Radical political analysis, commentary and discussion in Wales
Dadansoddiad a thrafodaeth radicalaidd o wleidyddiaeth yng Nghymru
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NATO in Newport 2014

On 4th and 5th September 2014 the Celtic Manor Resort in Newport will be hosting this year's North Atlantic Treaty Organisation (NATO) summit.

A military alliance that consists of 28 member states across North America and Europe, NATO was originally established in 1949 as a Western counter power to the Soviet Union, ostensibly due to anxieties about the spread of communism. Since the collapse of the USSR it has found meaning in its existence through ‘humanitarian intervention’. Humanitarian intervention by NATO doesn’t mean, food, water and safer spaces for vulnerable people around the world. Instead, humanitarian intervention means military acts of war. Supposedly bombing, displacement and violence is to quash conflicts, and result in peace. Despite history repeatedly showing us that such actions only exacerbates conflict, creating more victims and escalating suffering.

After the Snowden leaks: opposing internet surveillance

Since early June 2013, the revelations by whistleblower Edward Snowden have changed our understanding of online communication. The leaks, published in the Guardian and a few other newspapers, have provided evidence of mass surveillance of our social media uses; interception and monitoring of most online and phone communication; state-sponsored hacking into telecommunications services; and the compromising of internet infrastructure. Moreover, the leaks have documented how security agencies - including those in the UK - have operated with hardly any oversight and often in breach of the law. Organisations like the Open Rights Group (ORG) have been campaigning against Internet surveillance. On Thursday 12th December, members of the Group spoke in Cardiff about surveillance practices and how to stop them.

Currently ORG and two other privacy groups are taking the UK government to the European Court of Human Rights. The group alleges the government acted illegally by breaching the privacy of millions of British and EU citizens, and that it broke Article 8 of the European Human Rights Act. Daniel Carey, solicitor at Deighton Pierce Glynn, reported on the legal challenge and its potential outcomes. Jim Killock, ORG Executive Director, discussed the broader context of digital surveillance and explained what each of us can do to challenge mass surveillance in the UK.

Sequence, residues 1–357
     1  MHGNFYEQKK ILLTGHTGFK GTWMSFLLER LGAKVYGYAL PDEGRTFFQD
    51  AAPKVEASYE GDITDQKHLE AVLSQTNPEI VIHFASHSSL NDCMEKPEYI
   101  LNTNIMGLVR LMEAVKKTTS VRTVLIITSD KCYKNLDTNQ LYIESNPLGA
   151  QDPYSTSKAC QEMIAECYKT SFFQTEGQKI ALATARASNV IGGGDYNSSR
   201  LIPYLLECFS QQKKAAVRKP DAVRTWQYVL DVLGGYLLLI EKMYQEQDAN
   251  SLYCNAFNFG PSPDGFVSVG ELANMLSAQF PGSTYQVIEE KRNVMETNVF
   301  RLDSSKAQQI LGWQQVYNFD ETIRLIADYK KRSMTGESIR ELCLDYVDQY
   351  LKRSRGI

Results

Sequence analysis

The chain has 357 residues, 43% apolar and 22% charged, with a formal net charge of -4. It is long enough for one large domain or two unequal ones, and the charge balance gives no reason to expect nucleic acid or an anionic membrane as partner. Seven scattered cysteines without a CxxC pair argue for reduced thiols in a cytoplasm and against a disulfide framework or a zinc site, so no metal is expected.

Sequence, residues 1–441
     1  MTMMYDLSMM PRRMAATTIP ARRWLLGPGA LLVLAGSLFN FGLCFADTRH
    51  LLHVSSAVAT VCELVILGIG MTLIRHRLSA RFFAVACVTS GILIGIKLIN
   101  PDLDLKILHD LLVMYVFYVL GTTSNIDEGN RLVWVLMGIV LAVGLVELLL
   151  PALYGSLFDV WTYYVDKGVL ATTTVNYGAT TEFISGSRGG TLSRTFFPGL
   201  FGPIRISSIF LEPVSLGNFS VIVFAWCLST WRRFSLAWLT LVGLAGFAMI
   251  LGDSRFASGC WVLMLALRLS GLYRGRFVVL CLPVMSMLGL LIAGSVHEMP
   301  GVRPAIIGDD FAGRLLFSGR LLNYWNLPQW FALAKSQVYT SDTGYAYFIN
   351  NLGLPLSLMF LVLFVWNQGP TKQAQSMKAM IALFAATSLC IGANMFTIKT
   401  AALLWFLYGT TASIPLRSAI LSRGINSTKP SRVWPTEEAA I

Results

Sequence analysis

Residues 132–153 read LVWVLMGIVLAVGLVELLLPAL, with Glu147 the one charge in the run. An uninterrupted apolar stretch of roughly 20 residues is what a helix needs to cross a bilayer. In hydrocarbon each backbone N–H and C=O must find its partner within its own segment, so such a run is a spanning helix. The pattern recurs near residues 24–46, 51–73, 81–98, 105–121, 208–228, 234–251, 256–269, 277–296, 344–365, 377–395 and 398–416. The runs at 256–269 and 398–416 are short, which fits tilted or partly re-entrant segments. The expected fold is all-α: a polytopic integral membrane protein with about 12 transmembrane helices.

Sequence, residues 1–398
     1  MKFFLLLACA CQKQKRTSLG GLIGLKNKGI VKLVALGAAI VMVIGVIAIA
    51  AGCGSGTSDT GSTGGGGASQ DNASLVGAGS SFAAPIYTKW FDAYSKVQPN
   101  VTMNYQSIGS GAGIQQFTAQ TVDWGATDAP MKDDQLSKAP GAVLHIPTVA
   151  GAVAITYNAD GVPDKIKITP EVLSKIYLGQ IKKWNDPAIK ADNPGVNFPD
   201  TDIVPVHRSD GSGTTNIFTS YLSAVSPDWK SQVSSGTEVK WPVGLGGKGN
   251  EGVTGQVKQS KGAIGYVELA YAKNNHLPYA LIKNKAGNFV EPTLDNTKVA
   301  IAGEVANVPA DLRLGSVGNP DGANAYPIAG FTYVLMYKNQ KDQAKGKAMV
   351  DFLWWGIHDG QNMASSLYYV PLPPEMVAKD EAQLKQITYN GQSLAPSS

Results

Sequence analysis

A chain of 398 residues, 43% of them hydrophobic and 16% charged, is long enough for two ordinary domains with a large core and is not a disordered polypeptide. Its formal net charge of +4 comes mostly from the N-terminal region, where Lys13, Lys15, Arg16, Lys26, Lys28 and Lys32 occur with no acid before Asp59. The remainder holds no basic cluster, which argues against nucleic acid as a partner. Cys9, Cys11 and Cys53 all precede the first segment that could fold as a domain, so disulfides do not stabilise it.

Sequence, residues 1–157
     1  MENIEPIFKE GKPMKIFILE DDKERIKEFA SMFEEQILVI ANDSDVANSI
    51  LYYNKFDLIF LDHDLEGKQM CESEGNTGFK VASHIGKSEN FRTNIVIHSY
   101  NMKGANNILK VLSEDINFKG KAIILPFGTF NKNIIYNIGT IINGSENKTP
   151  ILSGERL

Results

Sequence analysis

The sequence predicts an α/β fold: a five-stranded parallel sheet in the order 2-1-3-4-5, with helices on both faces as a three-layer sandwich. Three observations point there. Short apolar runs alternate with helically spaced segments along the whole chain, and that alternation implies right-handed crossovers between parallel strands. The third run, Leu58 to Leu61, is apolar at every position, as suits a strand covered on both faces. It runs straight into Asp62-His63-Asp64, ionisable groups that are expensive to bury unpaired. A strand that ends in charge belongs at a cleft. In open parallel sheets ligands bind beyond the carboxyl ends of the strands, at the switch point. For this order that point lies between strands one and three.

A talk on Black Power by former Black Panther activists.

On the 13th of October, for Black History Month, two former Black Panther activists; Lorenzo and JoNina, will be speaking in Butetown Community Centre, Cardiff. The Black Power movement, from which the Black Panther party grew, was one of the most influential and important movements in social history. They took a bold, militant and confrontational stand against racism, exploitation and police brutality. The Panthers fought the notoriously violent Klu Klux Klan, but also established feeding programmes for children, giving out up to ten thousand free breakfasts every day. J Edgar Hoover, head of the FBI called them ‘the greatest threat to the internal security of the country’.

Lorenzo and JoNina were part of that movement, and members of the Black Panthers party. They will be in Cardiff to speak of their experience of the Black Power movement, and the on-going struggle against racism and the Klu Klux Klan. This is a unique chance to hear about an extraordinary period in American history;

"As inheritors of the discipline, pride, and calm self-assurance preached by Malcolm X, the Panthers became national heroes in black communities by infusing abstract nationalism with street toughness—by joining the rhythms of black working-class youth culture to the interracial élan and effervescence of Bay Area New Left politics ... In 1966, the Panthers defined Oakland's ghetto as a territory, the police as interlopers, and the Panther mission as the defence of community. The Panthers' famous "policing the police" drew attention to the spatial remove that White Americans enjoyed from the police brutality that had come to characterise life in black urban communities." - Jama Lazerow